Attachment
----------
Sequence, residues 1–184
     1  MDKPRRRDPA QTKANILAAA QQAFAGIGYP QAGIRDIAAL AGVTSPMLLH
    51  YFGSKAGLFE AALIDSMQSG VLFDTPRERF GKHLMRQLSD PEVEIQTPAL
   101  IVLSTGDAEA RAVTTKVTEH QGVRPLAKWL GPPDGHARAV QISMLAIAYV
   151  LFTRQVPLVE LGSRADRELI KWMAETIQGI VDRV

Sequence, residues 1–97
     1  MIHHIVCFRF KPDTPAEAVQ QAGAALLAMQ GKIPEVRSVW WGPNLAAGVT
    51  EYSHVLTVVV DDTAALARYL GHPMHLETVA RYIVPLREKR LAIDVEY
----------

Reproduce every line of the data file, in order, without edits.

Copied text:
Sequence, residues 1–184
     1  MDKPRRRDPA QTKANILAAA QQAFAGIGYP QAGIRDIAAL AGVTSPMLLH
    51  YFGSKAGLFE AALIDSMQSG VLFDTPRERF GKHLMRQLSD PEVEIQTPAL
   101  IVLSTGDAEA RAVTTKVTEH QGVRPLAKWL GPPDGHARAV QISMLAIAYV
   151  LFTRQVPLVE LGSRADRELI KWMAETIQGI VDRV

Sequence, residues 1–97
     1  MIHHIVCFRF KPDTPAEAVQ QAGAALLAMQ GKIPEVRSVW WGPNLAAGVT
    51  EYSHVLTVVV DDTAALARYL GHPMHLETVA RYIVPLREKR LAIDVEY